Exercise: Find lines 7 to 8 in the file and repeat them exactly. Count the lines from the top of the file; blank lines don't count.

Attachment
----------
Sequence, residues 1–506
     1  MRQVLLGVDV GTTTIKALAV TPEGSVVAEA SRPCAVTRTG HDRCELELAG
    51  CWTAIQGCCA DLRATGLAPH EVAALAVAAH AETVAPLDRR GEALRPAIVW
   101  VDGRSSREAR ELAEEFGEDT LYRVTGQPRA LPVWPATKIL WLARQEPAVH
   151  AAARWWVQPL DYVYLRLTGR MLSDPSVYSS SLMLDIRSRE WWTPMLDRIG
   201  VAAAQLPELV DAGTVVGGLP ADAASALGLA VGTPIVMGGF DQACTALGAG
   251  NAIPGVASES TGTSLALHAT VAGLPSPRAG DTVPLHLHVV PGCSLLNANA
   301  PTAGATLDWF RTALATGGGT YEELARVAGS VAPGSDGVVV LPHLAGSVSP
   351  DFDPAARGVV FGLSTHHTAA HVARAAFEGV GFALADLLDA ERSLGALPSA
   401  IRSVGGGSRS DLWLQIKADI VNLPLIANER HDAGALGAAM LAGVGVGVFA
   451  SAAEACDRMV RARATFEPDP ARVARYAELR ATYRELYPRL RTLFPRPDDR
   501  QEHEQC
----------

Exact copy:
   251  NAIPGVASES TGTSLALHAT VAGLPSPRAG DTVPLHLHVV PGCSLLNANA
   301  PTAGATLDWF RTALATGGGT YEELARVAGS VAPGSDGVVV LPHLAGSVSP